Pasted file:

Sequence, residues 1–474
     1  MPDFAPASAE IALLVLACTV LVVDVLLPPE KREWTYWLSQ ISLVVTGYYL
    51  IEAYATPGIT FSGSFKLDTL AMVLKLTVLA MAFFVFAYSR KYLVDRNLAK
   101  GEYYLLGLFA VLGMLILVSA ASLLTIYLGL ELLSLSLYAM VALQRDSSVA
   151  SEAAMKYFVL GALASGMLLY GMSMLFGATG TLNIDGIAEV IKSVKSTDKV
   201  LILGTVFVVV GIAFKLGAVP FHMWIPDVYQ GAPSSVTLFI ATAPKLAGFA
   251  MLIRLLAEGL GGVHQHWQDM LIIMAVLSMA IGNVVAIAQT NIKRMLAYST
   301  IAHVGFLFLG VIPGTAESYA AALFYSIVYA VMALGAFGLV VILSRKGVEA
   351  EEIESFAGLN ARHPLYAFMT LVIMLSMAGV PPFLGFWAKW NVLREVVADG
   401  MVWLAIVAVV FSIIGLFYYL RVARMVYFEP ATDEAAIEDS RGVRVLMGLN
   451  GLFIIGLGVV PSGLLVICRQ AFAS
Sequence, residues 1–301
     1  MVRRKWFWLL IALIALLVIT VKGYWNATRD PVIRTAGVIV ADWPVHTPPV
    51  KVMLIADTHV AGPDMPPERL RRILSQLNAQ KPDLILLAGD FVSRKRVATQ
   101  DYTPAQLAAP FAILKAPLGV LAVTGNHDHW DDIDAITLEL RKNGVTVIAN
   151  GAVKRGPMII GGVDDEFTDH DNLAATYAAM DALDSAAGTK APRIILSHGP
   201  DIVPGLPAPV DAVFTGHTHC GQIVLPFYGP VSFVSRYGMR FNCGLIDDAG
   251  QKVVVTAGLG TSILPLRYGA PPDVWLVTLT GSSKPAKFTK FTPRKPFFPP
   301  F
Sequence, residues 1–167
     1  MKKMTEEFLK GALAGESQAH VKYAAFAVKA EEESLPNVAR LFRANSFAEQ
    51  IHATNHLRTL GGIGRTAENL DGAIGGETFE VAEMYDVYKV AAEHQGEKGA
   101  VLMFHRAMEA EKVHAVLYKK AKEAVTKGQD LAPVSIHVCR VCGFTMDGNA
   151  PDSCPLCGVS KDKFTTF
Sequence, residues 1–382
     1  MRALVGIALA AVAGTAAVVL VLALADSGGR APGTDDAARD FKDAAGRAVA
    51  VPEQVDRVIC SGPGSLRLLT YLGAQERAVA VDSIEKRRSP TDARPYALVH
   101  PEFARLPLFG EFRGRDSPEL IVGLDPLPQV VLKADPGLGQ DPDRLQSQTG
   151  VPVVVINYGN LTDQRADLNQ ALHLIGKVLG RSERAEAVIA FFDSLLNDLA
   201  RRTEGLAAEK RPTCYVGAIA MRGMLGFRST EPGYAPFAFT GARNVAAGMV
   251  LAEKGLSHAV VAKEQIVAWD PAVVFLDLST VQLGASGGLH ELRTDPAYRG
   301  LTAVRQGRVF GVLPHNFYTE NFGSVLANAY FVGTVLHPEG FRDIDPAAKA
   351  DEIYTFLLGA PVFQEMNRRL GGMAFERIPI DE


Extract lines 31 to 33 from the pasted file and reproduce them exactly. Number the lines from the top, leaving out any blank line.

   251  LAEKGLSHAV VAKEQIVAWD PAVVFLDLST VQLGASGGLH ELRTDPAYRG
   301  LTAVRQGRVF GVLPHNFYTE NFGSVLANAY FVGTVLHPEG FRDIDPAAKA
   351  DEIYTFLLGA PVFQEMNRRL GGMAFERIPI DE